Yesterday, the Food and Drug Administration issued an alert to warn consumers about the inaccuracy of thermal imaging devices. Infrared thermometers have become an increasingly popular way of taking temperatures since the COVID-19 pandemic started, with many privately-owned businesses such as hair salons, airlines, schools, workplaces, and public venues using them as a way to monitor temperatures before allowing people into their establishments.

But are these thermometers accurate? According to the FDA, improper use of thermal imaging systems may lead to inaccurate temperature readings, which can present serious public health risks. If these thermometers are giving inaccurately-low readings, then people who are sick could infect others without even knowing it. In the same way, infrared thermometers could also give a falsely-high temperature reading, resulting in an individual not being able to continue with their plans because they were required to fall below a certain temperature threshold and according to the infrared thermometer, they did not.

The Washington Post also issued an article yesterday, further analyzing the FDA’s alert. According to Drew Harwell from the Washington Post, a lot of companies jumped into the infrared thermometer market this past year due to the coronavirus pandemic, with many having no experience or knowledge on manufacturing these devices prior to this year. These medical devices used to require testing, known as 510(k) clearance, that would test the safety and effectiveness of the product. This was an important process before the coronavirus epidemic happened, but because of supply and demand, the FDA had to lift the 510(k) clearance requirement rule in order to give consumers access to more thermometry options. The fact that these thermometers are no longer being tested before being put on the market for consumers to purchase could question their validity.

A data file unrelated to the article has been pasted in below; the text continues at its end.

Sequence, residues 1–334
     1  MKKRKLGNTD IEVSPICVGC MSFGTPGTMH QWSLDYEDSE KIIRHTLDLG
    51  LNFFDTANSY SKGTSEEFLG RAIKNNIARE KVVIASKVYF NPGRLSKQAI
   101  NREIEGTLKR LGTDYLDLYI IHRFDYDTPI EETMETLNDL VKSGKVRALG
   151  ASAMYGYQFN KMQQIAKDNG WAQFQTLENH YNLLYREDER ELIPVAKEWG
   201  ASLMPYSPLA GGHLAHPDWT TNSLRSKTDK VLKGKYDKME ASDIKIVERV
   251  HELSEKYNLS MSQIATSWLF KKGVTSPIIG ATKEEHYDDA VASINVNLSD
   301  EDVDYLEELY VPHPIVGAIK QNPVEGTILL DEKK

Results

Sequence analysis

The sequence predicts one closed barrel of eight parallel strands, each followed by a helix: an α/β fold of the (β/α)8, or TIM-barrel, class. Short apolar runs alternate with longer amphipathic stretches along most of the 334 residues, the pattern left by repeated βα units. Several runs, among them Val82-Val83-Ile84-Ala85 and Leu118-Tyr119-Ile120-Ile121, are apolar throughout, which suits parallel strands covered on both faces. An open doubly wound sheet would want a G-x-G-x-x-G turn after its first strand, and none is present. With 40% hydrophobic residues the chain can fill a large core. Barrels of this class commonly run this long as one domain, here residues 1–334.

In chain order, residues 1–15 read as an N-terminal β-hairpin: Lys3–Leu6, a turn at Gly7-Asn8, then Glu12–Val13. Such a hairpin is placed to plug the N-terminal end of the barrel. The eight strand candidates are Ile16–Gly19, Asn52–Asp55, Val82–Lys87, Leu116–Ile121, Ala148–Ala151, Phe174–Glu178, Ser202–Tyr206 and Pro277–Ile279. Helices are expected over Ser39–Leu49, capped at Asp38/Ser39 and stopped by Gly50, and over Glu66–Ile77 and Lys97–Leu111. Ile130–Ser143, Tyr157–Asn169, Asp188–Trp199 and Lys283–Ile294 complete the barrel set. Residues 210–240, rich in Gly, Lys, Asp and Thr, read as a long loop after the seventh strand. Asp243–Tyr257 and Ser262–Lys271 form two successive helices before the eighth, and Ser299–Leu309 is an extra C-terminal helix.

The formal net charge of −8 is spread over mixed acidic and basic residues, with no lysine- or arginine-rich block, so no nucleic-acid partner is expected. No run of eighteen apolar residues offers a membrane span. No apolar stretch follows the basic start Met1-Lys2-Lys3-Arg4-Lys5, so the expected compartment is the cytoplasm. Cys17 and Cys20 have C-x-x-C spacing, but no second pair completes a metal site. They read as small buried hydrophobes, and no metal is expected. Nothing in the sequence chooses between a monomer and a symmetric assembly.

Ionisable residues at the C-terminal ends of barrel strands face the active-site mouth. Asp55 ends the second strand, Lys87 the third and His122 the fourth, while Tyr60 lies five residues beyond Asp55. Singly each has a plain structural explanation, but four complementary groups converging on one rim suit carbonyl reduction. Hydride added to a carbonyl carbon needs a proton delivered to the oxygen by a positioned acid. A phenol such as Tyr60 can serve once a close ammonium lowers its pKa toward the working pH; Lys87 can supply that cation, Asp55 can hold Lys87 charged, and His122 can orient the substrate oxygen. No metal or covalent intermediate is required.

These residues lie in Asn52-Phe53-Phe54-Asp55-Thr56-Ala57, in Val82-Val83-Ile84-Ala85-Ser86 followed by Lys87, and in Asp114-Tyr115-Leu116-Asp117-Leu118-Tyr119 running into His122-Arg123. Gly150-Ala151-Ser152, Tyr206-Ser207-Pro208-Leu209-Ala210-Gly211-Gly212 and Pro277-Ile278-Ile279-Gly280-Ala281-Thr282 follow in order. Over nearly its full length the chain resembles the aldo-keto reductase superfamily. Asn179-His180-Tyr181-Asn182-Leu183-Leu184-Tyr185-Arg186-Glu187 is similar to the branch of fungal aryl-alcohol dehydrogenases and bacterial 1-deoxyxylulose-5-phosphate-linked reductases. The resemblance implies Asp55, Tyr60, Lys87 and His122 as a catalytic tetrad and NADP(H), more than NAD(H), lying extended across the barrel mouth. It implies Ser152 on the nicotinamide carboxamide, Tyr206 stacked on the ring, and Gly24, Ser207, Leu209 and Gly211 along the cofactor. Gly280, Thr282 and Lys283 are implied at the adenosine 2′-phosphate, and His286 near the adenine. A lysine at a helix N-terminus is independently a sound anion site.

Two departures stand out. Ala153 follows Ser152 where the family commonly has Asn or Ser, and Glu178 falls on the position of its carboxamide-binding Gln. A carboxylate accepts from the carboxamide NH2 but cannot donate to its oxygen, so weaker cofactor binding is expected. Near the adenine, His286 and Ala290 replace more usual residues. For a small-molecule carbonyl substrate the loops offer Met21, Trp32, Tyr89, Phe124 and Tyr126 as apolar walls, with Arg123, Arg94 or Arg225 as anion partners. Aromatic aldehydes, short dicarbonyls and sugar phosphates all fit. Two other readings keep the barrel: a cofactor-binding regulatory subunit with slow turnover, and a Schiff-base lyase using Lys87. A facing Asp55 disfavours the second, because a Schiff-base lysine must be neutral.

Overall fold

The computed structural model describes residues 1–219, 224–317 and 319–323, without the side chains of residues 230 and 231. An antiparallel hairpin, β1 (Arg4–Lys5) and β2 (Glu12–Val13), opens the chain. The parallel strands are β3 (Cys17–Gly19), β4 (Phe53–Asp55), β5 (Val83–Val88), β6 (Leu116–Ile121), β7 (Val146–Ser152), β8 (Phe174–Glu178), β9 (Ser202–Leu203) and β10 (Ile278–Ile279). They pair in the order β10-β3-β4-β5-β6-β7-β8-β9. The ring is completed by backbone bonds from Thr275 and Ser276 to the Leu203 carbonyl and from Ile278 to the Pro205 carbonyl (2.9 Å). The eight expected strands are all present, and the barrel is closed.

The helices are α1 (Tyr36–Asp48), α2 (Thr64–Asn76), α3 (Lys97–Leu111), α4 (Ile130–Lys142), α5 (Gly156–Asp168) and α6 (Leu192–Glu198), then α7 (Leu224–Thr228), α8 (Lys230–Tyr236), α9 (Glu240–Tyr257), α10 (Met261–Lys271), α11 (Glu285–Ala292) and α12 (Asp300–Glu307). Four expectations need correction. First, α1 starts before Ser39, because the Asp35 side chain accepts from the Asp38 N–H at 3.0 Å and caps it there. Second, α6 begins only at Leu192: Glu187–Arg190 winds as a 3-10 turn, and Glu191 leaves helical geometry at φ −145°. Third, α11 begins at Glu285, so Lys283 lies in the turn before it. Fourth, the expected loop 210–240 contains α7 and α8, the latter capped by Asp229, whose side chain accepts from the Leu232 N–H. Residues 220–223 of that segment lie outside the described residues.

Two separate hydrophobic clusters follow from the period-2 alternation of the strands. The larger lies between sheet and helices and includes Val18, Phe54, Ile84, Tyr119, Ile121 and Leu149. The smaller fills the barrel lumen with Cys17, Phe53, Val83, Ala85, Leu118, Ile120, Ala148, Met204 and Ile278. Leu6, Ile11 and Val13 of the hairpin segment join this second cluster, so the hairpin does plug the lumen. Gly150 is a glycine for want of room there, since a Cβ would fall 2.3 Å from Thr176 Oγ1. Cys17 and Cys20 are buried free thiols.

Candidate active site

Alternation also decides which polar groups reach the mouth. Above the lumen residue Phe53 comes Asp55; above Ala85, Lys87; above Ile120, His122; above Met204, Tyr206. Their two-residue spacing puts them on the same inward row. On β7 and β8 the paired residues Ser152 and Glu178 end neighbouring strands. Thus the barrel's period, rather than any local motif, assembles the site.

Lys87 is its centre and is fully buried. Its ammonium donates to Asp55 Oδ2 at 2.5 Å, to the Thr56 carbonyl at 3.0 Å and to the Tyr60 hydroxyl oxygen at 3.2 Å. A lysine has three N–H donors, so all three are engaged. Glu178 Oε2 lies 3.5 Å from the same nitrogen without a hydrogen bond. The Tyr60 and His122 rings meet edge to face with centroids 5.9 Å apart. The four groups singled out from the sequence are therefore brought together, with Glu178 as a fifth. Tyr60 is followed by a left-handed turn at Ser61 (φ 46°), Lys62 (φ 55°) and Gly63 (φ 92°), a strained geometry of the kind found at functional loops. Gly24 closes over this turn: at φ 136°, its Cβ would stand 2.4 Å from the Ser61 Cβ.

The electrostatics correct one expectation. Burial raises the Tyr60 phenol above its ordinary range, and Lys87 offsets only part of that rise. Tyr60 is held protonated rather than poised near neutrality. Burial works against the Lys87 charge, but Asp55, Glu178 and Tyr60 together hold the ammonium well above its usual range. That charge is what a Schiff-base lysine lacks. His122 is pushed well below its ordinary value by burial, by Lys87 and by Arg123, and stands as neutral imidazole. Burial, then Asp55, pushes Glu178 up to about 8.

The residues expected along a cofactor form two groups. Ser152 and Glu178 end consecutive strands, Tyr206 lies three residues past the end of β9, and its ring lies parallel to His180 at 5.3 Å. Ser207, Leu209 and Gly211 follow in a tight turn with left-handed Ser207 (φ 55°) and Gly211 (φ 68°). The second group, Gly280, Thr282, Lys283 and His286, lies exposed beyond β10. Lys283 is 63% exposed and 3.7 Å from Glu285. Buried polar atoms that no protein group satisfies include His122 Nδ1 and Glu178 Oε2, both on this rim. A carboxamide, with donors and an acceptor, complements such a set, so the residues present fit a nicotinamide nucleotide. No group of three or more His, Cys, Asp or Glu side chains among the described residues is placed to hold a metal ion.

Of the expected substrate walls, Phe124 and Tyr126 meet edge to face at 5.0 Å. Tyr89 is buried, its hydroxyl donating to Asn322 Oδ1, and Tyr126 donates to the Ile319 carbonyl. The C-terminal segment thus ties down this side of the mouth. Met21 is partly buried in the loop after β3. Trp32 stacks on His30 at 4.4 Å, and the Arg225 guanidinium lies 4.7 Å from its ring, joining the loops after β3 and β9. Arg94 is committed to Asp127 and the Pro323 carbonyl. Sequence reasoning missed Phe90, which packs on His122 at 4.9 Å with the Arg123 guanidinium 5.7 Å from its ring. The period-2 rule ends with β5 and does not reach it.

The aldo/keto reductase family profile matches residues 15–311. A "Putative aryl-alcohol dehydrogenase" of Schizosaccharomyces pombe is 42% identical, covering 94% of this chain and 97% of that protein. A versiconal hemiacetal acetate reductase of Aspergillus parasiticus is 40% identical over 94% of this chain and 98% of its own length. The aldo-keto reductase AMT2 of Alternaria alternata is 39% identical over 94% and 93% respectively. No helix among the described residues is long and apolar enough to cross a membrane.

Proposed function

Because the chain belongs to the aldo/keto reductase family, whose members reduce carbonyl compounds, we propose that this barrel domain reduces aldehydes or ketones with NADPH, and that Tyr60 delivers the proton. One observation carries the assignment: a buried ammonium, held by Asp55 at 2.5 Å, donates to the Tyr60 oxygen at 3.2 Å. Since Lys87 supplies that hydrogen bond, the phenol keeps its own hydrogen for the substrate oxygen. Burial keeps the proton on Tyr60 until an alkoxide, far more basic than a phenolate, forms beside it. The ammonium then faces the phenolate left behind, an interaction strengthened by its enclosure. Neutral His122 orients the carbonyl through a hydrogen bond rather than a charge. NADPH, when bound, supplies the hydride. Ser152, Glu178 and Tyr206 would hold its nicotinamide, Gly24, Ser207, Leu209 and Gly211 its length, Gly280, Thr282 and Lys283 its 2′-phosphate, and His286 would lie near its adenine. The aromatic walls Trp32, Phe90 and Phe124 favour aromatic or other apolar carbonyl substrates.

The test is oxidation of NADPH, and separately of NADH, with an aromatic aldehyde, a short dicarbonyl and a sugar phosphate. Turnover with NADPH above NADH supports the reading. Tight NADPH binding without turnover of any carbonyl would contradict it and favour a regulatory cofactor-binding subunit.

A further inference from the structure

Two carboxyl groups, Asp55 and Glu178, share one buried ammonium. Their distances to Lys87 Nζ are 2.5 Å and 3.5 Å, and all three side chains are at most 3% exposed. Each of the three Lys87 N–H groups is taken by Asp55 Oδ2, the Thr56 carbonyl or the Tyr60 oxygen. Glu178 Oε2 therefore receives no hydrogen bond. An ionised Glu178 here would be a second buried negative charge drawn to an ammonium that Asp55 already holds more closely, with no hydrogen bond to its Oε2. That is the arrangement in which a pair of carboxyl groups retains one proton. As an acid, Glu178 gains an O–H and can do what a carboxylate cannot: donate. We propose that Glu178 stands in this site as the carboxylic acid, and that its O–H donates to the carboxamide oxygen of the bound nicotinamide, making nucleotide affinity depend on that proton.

The FDA lists several requirements that need to be met in order to provide a more accurate reading, including using the device in the proper environment and/or location as external temperatures could affect the reading; the systems need to be set up correctly and calibrated regularly to ensure they are operating effectively; and the person handling the device must be properly trained on its setup, usage, cleaning and calibrating. If all of these steps are not followed correctly, consumers could suffer from inaccurate readings.

Although thermal imaging devices may seem like an easy and use-friendly option, these thermometers have proven their inability to provide consistent and accurate readings. Due to these inaccuracies, these thermometers should not be a trusted source when measuring a person’s body temperature. Instead, clinically-accurate thermometers should be used. All of Medical Indicators’ thermometers are accurate to ±0.2ºF or ±0.1ºC, which is the highest level of accuracy available on the market today. Visit our website to learn more about how Medical Indicators’ thermometers provide a safe, reliable and accurate temperature reading, each and every time they are used.